July 31, 2007
Eastern Conference FAVORITES? Is that really what they are now? Three months ago, the Boston Celtics won their 24th and final game of the 2006-07 season. They finished 29 games behind the conference leaders and 16 games out of playoff contention.
They were beyond bad. They were embarrassing. If they were dogs, Michael Vick would have drown them. And then things got worse.
Ten weeks ago, the lottery balls bounced the wrong way again and the Celtics lost out on the Greg Oden/Kevin Durant draft sweepstakes. Five weeks ago, in an apparent attempt to placate their best player, they traded the No. 5 pick in the draft for Ray Allen, a 31-year-old shooting guard who is coming off double ankle surgery.
And then word leaked that they were on the brink of acquiring Kevin Garnett, and ESPN.com declared the Celtics an instant Eastern Conference favorite. At the same time, SI.com said the Celtics could be headed to their first NBA Finals since the Larry Bird era. Somewhere Tim Donaghy is loading up on Doc Rivers' team. Just like that, your Boston Celtics go from 24-58 to a spot in the NBA Finals, which makes you wonder: Is it too late to retire Danny Ainge's number? And why Rose Kennedy anyway? What did she ever do? Here's a better idea: The Danny Ainge Greenway.
Red Auerbach made many brilliant moves, but as far as we recall, none of them led to as dramatic a leap in the standings as the Garnett deal apparently will. Even Bird joined a team that had won 29 the year before he arrived.
Dominique Wilkins joined a Celtics team that had won 32 games and instantly transformed them into a 35-win team. There was a time, not long ago, when many of us heard the Garnett rumors and thought, ``Here we go again. Another desperate GM trying to save his skin.'' The dreaded ``R'' word filled the airwaves, and it appeared that Ainge, like M.L. Carr 13 years earlier, was on a misguided mission to make his team relevant again.
But there is a difference between being relevant because you add a famous player who gives fans something to watch before ``American Idol'' on Wednesday night, and being relevant because you are the favorites to win the East. Wilkins led the Celts in scoring in his only season. Dino Radja was second. Dee Brown was third. Eric Montross was the big man in the middle. Not even Tommy Heinsohn called Dominique's Celtics the Eastern Conference favorites.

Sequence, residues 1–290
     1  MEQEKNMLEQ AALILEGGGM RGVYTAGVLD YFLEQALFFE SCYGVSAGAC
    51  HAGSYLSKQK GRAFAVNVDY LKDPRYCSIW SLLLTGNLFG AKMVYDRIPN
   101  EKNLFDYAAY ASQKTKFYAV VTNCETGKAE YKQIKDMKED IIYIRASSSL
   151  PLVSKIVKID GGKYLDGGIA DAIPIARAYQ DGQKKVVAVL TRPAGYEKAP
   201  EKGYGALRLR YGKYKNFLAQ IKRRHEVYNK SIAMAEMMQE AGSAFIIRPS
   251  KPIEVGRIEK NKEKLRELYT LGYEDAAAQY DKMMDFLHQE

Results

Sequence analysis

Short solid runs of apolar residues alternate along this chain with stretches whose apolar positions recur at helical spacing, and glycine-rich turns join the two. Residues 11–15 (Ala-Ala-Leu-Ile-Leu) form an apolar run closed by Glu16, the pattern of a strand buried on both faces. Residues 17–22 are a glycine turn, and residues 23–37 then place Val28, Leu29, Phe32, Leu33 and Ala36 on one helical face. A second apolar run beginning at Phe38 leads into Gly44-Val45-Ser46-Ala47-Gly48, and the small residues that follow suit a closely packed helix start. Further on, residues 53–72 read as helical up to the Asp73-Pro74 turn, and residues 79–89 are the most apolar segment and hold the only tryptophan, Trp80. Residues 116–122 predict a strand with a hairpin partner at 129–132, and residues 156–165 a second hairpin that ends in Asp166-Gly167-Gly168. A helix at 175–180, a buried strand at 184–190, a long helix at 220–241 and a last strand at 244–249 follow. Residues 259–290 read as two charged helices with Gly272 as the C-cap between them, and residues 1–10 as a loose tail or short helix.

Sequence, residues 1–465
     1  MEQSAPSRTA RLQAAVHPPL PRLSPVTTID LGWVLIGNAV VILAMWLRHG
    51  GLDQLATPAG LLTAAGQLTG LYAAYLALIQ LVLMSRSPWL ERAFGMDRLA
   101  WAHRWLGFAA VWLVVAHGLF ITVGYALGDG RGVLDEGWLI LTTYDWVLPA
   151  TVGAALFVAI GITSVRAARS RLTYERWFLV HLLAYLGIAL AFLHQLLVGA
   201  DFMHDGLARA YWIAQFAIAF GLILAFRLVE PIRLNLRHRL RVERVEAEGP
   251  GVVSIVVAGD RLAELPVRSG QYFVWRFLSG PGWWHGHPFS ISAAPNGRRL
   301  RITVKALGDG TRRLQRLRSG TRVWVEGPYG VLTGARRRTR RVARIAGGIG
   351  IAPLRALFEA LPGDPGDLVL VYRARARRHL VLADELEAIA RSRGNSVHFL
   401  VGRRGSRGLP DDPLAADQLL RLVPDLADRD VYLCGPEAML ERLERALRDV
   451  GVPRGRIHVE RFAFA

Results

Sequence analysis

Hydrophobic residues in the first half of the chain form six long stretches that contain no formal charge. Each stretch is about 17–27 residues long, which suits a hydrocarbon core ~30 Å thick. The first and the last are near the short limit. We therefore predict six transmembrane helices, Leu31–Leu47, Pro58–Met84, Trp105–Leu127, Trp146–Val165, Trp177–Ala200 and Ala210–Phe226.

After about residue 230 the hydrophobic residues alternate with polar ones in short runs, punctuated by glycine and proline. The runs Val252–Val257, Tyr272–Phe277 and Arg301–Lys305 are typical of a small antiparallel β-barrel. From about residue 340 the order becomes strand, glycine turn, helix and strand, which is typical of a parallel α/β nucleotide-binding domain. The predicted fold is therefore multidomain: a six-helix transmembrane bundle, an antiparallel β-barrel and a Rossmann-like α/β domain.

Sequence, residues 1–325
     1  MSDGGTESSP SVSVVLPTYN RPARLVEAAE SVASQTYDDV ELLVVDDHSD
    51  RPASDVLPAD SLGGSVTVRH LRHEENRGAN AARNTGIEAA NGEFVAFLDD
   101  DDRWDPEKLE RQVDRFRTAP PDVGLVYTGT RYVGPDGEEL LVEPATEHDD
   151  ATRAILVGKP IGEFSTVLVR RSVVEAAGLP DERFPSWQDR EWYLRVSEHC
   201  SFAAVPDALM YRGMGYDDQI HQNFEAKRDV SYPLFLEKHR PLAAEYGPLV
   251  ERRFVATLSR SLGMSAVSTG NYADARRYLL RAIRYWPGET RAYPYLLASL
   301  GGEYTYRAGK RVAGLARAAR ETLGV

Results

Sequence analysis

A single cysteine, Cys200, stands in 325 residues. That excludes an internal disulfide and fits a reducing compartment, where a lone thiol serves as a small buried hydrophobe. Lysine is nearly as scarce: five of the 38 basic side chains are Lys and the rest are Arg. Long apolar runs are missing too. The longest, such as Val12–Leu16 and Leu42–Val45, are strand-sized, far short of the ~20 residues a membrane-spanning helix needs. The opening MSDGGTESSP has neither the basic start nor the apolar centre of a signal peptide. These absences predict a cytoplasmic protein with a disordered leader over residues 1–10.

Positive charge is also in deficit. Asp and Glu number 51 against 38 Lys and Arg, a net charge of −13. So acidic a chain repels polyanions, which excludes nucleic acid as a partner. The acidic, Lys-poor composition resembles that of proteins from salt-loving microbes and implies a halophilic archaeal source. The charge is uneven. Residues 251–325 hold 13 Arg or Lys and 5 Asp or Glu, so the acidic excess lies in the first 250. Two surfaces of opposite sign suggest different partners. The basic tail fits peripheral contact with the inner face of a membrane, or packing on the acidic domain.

Garnett, on the other hand, will be sharing the floor with Allen, a seven-time All-Star, and five-time All-Star Paul Pierce. With this deal, the Celtics may or may not be the best team in the conference, but this much is certain: They are a hell of a lot tougher to defend than the reigning conference champs, the Cleveland LeBrons.
Rajon Rondo will have plenty of choices as he leads the break, but when in doubt, he'd be wise to feed the new guy with the bald head and big mouth. Garnett treats young guards who don't get him the ball only slightly better than Vick treats peace-loving pitbulls.
Garnett plays hard, plays hurt and plays loud. It's probably a good thing that Gerald Green goes to Minnesota in the deal. They'd find the poor kid in the fetal position under a massage table after a month with Garnett. By the way, it's worth noting that this time, the Celts made a splash by TRADING AWAY the slam dunk champion.
A couple of things changed since last we debated the merits of the Garnett deal. For one, Ainge swapped a draft pick for Allen, signaling the end of days when the Celtics were content to take their lumps and bide their time. This clearly was a change in organizational philosophy that REQUIRED another shoe to drop, and that shoe turned out to be Garnett's size-15 Adidas.
In the past month, someone convinced Garnett that teaming up with Pierce and Allen would be his best chance to make his first trip to the NBA Finals. In June, Garnett's agent said it wasn't going to happen and Michael Wilbon of ESPN's PTI said it was because of the racial climate in this city.
Who says we're not making great strides in that department? A little more than a month later and Garnett is ready to sing along with the Standells and call Boston his home. Maybe Wilbon can fall on the fact that the Celts traded away everyone but Brian Scalabrine.
In the end, of course, there is great risk in this trade. Al Jefferson will be a star and Green probably will turn out OK, too. But you can't accuse Ainge of just trying to fend off the wolves at his door. Not when serious NBA analysts are calling his team the favorite to win the East. Pierce, Allen and Garnett are different players with different strengths who have a chance to come together and win.
Suddenly, Ainge has made his team relevant AND good. Not in 2011, to be sure, but let's face it: Most Celtics fans were tired of waiting for 2011. Now they can hardly wait until October.
Just think: Kevin Garnett on Friday and Saturday nights; Randy Moss on Sundays. It's too bad our racial climate is so lousy. We might have been able to attract some athletes to this town.